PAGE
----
Everyone (or at least everyone in Mumbai) wants to own a holiday home in Goa. Conde Nast Traveller even did an article on how to pack your bags and shift to Goa for good. This beach town with an insatiable appetite for the good stuff (read food, drinks and parties) has obviously been on my travel radar as well. And I’ve tried them all – budget hotels with nothing in the room except a bed and a bathroom, beach shacks with not even that, luxury resorts that are like an island within themselves and the trustworthy GTDC which seems to teeter somewhere between them all. But the one thing I really want to try is a villa.

Villas in Goa

The word ‘villa’ inspires the same awe that a ‘condo’ or ‘holiday home’ does. It spells relaxation, luxury and space – lots of it. Imagine having an entire bungalow to yourself, freshly whitewashed and surrounded by a plush garden full of fragrant blooms and your very own jogging track. Imagine that there is a huge swimming pool in this villa with luxurious deck chairs where you can lie down and sunbathe or read your favourite novel over a mojito. Imagine that this bungalow is right on the beach and you wake up to the sound of crashing waves and the intoxicating scent of the sea. It takes your perspective of a Goan vacation several notches higher, doesn’t it?

Villas in Goa

Winter is approaching and it’s the best weather to hit the beaches. All the glittering beach shacks with hypnotising music have reopened and the cool sea breeze should save you from the sun during lazy afternoons. Now if you’re going to Goa for some serious trekking and exploring, a villa may not be the best bet. But if you’re going just to unwind and do nothing but stare at the azure sky and the endless ocean, you should consider booking a villa. I love my privacy and say what you will, but the isolation a villa provides can certainly not be compared to a resort milling with other tourists. And if you’re travelling in a large group, a villa will not only be cheaper than booking several rooms, you’ll also have more leeway for partying late into the night with near deafening music and raucous chatter.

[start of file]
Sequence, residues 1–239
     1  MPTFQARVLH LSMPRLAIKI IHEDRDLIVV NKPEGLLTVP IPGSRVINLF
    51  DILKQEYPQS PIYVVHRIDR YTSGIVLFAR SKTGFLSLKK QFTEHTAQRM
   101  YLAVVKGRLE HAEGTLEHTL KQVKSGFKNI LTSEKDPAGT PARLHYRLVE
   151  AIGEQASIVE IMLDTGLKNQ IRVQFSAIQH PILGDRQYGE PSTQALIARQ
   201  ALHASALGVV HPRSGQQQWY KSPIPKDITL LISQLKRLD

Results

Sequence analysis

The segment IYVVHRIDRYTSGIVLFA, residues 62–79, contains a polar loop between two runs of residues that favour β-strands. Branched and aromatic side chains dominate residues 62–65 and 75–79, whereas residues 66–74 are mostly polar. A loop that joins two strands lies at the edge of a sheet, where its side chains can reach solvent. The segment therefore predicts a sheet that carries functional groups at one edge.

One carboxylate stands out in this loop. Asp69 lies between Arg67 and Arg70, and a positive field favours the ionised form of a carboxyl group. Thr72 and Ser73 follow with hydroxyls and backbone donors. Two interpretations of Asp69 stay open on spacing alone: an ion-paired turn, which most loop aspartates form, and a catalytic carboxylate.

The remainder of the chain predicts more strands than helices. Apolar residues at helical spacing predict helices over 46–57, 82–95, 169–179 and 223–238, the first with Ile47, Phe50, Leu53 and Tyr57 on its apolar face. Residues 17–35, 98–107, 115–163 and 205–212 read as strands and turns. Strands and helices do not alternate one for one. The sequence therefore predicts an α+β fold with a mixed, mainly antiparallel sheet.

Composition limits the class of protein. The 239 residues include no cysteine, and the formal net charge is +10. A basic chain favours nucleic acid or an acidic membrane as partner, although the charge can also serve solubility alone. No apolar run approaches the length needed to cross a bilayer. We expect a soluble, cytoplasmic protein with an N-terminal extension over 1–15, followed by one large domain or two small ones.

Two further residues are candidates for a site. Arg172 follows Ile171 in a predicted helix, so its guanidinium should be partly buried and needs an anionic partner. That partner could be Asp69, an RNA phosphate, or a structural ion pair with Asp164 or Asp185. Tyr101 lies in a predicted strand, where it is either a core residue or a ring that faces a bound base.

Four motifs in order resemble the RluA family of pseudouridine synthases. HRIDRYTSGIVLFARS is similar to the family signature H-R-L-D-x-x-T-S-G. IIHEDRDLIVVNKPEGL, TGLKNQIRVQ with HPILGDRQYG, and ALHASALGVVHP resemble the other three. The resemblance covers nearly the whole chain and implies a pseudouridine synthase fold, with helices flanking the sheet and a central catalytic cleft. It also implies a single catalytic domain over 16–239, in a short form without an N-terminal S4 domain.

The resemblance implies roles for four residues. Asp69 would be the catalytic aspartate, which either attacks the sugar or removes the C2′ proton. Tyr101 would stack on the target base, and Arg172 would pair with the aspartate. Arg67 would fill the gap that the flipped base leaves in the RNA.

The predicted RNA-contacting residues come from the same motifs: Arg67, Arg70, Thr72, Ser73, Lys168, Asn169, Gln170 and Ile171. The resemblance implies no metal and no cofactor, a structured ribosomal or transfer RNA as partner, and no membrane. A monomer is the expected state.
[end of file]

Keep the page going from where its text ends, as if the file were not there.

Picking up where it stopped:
Beaches in Goa

The only problem with finding a good villa is that a Google search throws up so many of them! How are you to know whether the ‘beach palace’ in Candolim is a better bet than the ‘serene cottage’ in Colva? Allow an aggregator to do the job for you. For instance, thegoavilla.com has 416 verified private villas in its database and you can search for the perfect one according to your requirements and budget. You can also send across a direct query and the team will get in touch with you. Can it get simpler than that?